Finnish Composer. His "Kullervo Symphony," completed in 1892, started the period when much Finnish music was based on the legends of the national epic, "The Kalevala." As a composer, Sibelius gradually turned to more international themes and greater internalisation. The core of his musical output, which was diverse and stylistically original, were his orchestral works, notably his seven symphonies written between 1899 and 1924, and symphonic poems such as the four-part "Lemminkäinen" series, "Pohjola's Daughter" and "Tapiola." His violin concerto of 1904 is one of the most demanding and one of the most popular of its genre. The pearl of his small output of chamber music is the profound "Voces Intimae," written for string quartet in 1909. His symphonic poem, "Finlandia," completed in 1899, became a symbol of Finland's bid for independence. Other national treasures left by the great composer include the music Sibelius based on well known works of the theatre, such as "King Kristian II," "Death," "Pelleas and Melisande" and "The Tempest," as well as his numerous works for the piano and violin, his musical settings of poetry, his choral works and songs. After Sibelius' death, the house where he was born, in the southern Finnish town of Hämeenlinna, became a museum as did his former home, named "Ainola," in the town of Järvenpää.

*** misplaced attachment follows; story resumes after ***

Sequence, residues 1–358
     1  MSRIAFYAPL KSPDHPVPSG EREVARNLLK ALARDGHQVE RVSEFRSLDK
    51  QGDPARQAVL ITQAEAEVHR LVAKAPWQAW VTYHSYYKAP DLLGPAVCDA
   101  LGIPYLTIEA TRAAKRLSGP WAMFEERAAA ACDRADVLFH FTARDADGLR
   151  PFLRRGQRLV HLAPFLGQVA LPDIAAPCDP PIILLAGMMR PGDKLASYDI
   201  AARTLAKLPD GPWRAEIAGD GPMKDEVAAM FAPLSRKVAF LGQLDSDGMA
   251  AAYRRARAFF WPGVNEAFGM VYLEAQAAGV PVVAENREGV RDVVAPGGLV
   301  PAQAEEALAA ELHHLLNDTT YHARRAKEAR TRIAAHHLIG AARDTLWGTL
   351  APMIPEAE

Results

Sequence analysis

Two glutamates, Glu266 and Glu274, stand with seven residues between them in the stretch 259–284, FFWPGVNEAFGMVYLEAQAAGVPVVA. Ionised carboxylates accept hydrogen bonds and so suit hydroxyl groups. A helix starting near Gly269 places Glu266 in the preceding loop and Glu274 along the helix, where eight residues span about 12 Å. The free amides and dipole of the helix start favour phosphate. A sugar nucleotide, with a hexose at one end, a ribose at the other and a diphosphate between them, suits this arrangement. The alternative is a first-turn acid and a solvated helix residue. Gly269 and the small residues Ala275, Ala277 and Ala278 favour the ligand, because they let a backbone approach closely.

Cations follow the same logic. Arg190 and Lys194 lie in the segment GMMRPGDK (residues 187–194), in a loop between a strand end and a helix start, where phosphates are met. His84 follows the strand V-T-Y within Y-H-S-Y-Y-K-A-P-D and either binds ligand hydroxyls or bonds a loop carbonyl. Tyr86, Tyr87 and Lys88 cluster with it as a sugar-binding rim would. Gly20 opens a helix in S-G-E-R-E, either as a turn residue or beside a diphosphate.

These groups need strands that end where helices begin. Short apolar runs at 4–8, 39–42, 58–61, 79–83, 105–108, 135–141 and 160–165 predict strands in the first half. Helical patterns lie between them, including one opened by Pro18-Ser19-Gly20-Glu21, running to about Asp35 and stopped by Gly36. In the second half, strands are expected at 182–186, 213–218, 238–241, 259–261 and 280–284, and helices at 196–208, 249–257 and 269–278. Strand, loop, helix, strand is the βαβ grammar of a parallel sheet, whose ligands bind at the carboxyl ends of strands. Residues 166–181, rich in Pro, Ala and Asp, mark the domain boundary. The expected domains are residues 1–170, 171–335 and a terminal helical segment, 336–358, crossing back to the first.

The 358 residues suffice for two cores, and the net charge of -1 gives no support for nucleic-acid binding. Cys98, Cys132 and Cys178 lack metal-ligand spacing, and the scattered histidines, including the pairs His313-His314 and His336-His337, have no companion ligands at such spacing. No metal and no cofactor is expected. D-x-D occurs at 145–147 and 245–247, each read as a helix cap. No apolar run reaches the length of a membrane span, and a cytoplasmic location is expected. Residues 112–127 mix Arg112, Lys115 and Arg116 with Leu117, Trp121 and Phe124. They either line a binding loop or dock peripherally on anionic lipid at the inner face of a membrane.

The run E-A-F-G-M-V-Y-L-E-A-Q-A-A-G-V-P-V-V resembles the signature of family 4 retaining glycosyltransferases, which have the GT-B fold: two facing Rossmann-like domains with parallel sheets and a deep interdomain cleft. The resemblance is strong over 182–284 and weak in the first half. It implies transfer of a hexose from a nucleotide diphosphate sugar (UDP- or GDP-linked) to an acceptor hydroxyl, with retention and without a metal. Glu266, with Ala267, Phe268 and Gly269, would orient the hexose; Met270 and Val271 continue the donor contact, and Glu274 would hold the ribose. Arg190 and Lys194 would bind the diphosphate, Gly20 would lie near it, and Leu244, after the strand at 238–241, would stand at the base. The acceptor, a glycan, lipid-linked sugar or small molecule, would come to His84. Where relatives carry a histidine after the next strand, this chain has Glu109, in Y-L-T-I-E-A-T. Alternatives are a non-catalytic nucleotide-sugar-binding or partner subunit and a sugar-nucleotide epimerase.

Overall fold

Aino Järnefelt Sibelius
1871–1969 (m. 1892)